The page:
That’s Negatory, Red Ryder: Curiosity Has Not Found Methane On Mars

By Ashley P. Taylor | November 6, 2012 11:42 am

Curiosity self-portrait

The Curiosity rover has looked for methane on the Red Planet and has found none, disappointing hopes for finding life—Earth’s main source of methane—on Mars.

Researchers had good reasons to pin their hopes for Martian life on methane. On Earth, living things, such as methanogenic microbes, wetlands, and cattle, release vast quantities of the stuff. Researchers thought that any methane found on Mars might have come from a living thing, too. Plus, in Mars’ atmosphere, methane would dissipate quickly, so any that they did find was likely to be fresh and might even indicate that its Martian producer was still alive.

In the last few years, research teams have reported small concentrations of methane on Mars. One team reported that the European Space Agency’s Mars Express mission, from 2004, had detected low concentrations of the gas. Another group reported detecting plumes of Martian methane using telescopes on Earth. Yet Curiosity’s Tunable Laser Spectrometer, the rover’s methane detector, did not confirm those findings. As reported on November 2, the methane detector let some Martian air into a mirrored chamber and fired lasers at it to see which frequencies of light it absorbed, looking for methane-specific absorption patterns. The researchers reported that they are 95 percent confident that methane levels lie between 0 and 5 parts per billion; if they repeated the experiment 100 times, they would expect to get results within that range for 95 of them.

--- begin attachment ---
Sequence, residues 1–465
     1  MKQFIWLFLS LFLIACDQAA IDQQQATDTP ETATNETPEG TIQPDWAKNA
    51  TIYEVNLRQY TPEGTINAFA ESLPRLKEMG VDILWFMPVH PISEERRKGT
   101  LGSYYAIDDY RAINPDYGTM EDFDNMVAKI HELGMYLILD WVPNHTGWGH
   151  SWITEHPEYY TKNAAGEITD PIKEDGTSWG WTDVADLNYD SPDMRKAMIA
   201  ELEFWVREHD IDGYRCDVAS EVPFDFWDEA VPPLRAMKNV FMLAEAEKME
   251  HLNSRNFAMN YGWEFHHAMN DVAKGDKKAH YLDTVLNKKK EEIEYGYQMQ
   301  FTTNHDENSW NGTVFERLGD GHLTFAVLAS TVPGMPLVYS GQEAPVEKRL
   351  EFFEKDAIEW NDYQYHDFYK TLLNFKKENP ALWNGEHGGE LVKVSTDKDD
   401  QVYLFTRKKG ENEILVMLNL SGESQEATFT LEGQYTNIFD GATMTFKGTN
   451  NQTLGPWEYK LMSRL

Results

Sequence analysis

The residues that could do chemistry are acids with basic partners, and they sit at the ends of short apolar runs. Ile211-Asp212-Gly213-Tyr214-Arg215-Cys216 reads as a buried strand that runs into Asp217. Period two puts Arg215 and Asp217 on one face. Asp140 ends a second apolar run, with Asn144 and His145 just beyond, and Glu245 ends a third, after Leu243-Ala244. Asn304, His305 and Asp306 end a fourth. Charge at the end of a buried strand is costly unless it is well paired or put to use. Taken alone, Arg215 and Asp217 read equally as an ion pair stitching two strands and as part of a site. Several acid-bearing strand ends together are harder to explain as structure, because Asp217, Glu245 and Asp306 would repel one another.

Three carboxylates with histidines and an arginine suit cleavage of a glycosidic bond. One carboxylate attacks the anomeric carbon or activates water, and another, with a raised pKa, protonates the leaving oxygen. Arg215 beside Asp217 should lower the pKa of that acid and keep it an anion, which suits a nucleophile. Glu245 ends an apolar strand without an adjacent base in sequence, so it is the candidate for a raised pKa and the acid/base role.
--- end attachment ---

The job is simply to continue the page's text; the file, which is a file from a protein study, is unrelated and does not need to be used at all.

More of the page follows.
Researchers will continue to look for life on Mars. The Curiosity team plan to try again to detect methane with the Tunable Laser Spectrometer, this time first removing the carbon-dioxide from the sample in order to concentrate any methane. The European Space Agency is planning to send up an orbiter in 2016 that will examine the gases in Mars’ atmosphere and look for methane, using a sensor that can detect methane concentrations as low as 14 parts per trillion, below Curiosity’s radar of 100 parts per trillion. So Curiosity’s initial negative results are unlikely to be the end of the search for Martian methane and the life that might produce it.

Image courtesy of Malin Space Science Systems/JPL-Caltech/NASA

CATEGORIZED UNDER: Living World, Physics & Math, Space

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